Cincinnati Bengals offensive tackle Eric Winston has pledged to donate his brain to the Concussion Legacy Foundation to help the ongoing research on chronic traumatic encephalopathy (CTE) and the dangers of football-related head trauma.
“Obviously, there’s a lot of noise out there in this space,” Winston said. “I think that’s a good thing, even though some of it hasn’t been proven yet, some of it still need a lot more research. But it’s a lot better than 15 years ago when no one was saying anything.”
Concussions and their causes and effects have become prominent topics in sports, especially in football. Dr. Bennet Omalu, who helped discover CTE and linked it to football-specific head trauma after performing autopsies on deceased Steelers players, said earlier this month that children should not be allowed to play the sport.
The movie Concussion, set to be released Friday, chronicles Omalu’s struggle with the NFL as he fought to bring CTE to the league’s attention and force it to take action.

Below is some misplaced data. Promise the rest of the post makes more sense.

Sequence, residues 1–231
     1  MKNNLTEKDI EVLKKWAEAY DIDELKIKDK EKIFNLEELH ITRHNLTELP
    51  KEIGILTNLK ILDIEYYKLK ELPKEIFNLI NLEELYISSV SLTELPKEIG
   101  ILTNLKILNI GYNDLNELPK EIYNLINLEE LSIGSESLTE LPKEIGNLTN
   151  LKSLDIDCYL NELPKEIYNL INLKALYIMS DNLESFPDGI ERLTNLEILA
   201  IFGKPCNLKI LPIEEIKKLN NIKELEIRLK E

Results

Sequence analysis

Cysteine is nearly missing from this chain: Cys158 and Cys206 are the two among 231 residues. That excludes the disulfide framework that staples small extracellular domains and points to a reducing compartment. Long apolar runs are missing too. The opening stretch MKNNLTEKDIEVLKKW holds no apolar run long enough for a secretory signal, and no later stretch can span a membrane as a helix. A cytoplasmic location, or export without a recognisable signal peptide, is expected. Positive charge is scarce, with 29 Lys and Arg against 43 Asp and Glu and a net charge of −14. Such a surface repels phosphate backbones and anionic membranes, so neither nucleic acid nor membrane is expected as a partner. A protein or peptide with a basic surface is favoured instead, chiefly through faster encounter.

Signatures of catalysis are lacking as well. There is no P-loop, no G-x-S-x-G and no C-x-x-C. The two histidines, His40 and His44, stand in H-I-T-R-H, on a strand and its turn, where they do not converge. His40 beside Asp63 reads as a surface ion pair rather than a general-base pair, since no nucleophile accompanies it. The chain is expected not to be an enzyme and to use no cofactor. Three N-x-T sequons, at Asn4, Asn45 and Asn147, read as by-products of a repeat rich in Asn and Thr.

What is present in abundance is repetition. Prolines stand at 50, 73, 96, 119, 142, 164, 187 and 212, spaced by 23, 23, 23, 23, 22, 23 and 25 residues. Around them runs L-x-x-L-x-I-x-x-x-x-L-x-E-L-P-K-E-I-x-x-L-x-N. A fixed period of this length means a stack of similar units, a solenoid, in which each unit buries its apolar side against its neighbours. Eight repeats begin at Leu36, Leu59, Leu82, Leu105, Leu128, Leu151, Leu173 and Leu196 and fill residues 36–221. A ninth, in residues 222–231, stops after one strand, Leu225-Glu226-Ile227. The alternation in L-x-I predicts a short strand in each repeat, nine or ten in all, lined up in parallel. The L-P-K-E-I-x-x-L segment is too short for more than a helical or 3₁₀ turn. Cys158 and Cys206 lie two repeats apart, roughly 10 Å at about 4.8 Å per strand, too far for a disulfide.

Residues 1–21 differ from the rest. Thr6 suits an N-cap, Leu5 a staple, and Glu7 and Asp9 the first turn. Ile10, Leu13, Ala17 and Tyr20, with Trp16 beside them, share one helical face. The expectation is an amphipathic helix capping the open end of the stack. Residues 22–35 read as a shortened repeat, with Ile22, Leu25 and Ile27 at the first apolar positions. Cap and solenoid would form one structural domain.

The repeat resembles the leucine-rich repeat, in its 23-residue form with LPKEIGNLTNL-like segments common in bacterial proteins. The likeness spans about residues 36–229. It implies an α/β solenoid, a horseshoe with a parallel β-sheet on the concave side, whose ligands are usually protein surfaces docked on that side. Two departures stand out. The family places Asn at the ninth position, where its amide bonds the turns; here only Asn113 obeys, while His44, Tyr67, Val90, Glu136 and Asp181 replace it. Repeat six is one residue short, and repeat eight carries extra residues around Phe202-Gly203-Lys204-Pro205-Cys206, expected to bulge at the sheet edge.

ESPN’s Outside the Lines reported Tuesday that the NFL would no longer be backing Boston University’s head trauma study. The project was originally slated to be funded by a grant the NFL gave to the National Institutes of Health in 2012. Though the NIH will honor its commitment to paying for the $16 million project, Boston University did not name the NFL as a supporter in its announcement of the initiative.
On Tuesday, Energy and Commerce Committee chairman Fred Upton announced that the committee will conduct a “broad review” of concussions in 2016, hoping to increase understanding of the injury.
- Xandria James